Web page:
The proceeds from the financing will provide, among other things, the necessary resources for Highland, through its wholly owned subsidiary Ironshore Pharmaceuticals & Development, Inc. to (i) complete the clinical development of both HLD-200 (a next-generation formulation of methylphenidate) and HLD-100 (next-generation formulation of amphetamine), (ii) secure dedicated manufacturing capacity to ensure certainty of commercial supply for the Company’s products, (iii) initiate the building of a world-class sales & marketing infrastructure in the U.S., (iv) engage in pre-marketing initiatives and medical education activities and (v) pursue pipeline expansion opportunities, including the potential utility of HLD-100 in Binge Eating Disorder (BED) and other indications.

Dr. Bev Incledon, Senior Vice President of Research & Development said, “As an organization, we are committed to developing several therapeutic options to help improve the lives of patients and their families. Our lead products address the gap in coverage that exists with current stimulant medications and have the potential to change treatment paradigms in ADHD.”

About Eastern Capital Limited
Eastern Capital Limited is a Cayman Islands-based company with a history of investment in the life sciences. Eastern Capital Limited is indirectly owned by Kenneth Dart, former President of Dart Container Corporation and developer of Camana Bay, a mixed-use, real estate development and town center following the new urbanism architectural and design movement. Camana Bay is located in Grand Cayman, Cayman Islands.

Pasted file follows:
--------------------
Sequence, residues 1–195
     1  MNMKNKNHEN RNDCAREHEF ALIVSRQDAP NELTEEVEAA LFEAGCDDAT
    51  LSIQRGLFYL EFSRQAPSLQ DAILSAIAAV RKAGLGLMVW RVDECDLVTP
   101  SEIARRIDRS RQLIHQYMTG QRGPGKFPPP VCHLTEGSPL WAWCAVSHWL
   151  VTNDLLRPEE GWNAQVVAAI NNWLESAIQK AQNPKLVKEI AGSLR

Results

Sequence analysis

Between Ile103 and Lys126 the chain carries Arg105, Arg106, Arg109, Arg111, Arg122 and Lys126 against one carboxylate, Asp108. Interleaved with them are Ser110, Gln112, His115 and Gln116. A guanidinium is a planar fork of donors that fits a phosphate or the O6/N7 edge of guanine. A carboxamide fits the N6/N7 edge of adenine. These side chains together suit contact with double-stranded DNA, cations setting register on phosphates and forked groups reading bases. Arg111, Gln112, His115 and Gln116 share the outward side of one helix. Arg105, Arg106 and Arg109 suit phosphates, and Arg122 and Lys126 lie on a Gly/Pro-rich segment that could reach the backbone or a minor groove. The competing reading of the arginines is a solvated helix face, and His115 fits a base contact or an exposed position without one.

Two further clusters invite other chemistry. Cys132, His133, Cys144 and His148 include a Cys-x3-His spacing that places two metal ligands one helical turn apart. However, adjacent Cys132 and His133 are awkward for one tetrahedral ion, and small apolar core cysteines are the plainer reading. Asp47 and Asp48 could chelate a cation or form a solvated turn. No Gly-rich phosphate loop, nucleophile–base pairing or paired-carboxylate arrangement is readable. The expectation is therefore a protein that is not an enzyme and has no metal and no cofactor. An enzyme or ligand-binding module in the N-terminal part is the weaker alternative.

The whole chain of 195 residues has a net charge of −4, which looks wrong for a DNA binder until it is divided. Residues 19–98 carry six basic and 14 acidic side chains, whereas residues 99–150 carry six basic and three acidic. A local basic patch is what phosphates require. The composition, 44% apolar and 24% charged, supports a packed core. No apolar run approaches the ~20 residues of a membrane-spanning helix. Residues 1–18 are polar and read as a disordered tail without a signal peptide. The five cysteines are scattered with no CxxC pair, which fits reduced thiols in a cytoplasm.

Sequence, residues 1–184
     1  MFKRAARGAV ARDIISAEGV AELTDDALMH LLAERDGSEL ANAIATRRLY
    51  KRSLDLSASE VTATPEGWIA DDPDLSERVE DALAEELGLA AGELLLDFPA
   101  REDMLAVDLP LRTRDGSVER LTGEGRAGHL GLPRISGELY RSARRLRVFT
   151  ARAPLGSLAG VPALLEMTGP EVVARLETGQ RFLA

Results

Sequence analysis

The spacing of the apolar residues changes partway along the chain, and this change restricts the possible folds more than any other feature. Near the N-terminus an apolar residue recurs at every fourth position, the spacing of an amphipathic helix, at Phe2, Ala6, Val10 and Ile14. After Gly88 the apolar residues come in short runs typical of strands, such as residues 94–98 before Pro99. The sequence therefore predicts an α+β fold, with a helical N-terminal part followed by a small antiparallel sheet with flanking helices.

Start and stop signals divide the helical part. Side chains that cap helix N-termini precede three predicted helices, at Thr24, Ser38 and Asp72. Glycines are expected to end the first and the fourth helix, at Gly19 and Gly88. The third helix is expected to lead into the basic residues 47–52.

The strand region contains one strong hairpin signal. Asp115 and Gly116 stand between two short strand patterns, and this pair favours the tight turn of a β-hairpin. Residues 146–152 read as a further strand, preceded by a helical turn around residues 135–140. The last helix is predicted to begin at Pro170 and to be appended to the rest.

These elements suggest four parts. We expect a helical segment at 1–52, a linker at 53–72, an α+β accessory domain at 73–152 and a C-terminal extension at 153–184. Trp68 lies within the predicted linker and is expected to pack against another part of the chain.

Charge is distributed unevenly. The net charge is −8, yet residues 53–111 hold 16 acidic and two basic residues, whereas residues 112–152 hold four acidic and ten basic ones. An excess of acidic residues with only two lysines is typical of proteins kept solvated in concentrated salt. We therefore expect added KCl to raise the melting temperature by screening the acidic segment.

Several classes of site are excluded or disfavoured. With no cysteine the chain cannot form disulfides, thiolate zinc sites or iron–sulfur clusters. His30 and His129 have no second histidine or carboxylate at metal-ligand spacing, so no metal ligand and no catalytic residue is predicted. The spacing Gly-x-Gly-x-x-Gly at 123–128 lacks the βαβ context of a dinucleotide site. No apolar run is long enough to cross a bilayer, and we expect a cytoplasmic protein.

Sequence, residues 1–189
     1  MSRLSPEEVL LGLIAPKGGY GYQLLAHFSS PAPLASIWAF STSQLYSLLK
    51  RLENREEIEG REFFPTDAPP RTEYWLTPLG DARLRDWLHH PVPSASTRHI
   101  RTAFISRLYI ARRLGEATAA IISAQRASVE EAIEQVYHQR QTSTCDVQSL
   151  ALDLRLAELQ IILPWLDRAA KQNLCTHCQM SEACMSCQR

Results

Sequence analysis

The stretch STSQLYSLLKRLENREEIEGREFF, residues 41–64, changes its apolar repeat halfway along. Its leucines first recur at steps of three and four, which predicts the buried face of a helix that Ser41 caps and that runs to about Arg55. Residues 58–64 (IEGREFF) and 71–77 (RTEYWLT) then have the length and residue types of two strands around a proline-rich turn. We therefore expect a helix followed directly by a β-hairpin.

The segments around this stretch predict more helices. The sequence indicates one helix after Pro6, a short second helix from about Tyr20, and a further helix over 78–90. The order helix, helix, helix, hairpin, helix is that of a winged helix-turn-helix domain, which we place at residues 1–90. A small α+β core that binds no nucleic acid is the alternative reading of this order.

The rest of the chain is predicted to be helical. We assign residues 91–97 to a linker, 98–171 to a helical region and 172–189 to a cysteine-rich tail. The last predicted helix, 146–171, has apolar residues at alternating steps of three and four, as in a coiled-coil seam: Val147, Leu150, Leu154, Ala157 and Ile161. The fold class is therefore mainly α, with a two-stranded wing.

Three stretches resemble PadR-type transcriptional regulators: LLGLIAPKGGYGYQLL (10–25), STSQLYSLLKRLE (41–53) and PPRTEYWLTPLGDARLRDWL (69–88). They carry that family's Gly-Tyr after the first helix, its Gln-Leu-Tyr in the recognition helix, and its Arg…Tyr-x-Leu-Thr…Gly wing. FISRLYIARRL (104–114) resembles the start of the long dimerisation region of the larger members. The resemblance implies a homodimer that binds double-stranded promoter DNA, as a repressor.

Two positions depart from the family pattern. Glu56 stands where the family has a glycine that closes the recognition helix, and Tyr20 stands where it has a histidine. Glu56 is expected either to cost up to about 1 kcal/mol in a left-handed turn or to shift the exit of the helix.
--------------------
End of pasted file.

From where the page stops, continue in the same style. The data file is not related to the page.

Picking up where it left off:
About Highland Therapeutics Inc.
Highland Therapeutics Inc. is a specialty pharmaceutical company that, through its wholly owned subsidiary Ironshore Pharmaceuticals & Development, Inc., is leveraging its proprietary technology, DELEXIS®, to optimize the delivery of previously approved drug products. The Company’s lead product candidates, HLD-200 and HLD-100, are novel formulations of the psychostimulants (methylphenidate and amphetamine, respectively) used to treat Attention Deficit Hyperactivity Disorder (ADHD) and are being developed to address a prevalent unmet medical need in the treatment of the disease – inadequate symptom control during the morning routine. Intended for nighttime dosing, DELEXIS® is designed to provide a consistent delay in the initial release of the active drug, followed by a period of extended release; with the objective of providing control of ADHD symptoms immediately upon wakening and throughout the day.

Highland Therapeutics Inc. is a client of MaRS Discovery District’s Health Venture Services group, which provides advisory services, connections to talent, customer & capital networks, and market intelligence to high-impact, Ontario-based life sciences ventures, helping them commercialize their ideas and build globally competitive companies.

For further information, please visit the Company’s website at www.highlandtherapeutics.com

Forward-Looking Statements
This press release contains forward-looking information, which reflects Highland’s current expectations regarding future events. Forward-looking information is based on a number of assumptions and is subject to a number of risks and uncertainties, many of which are beyond Highland’s control that could cause actual results and events to differ materially from those that are disclosed in or implied by such forward-looking information. These forward-looking statements are made as of the date of this press release and, except as expressly required by applicable law, Highland assumes no obligation to publicly update or revise any forward-looking statement, whether as a result of new information, future events or otherwise.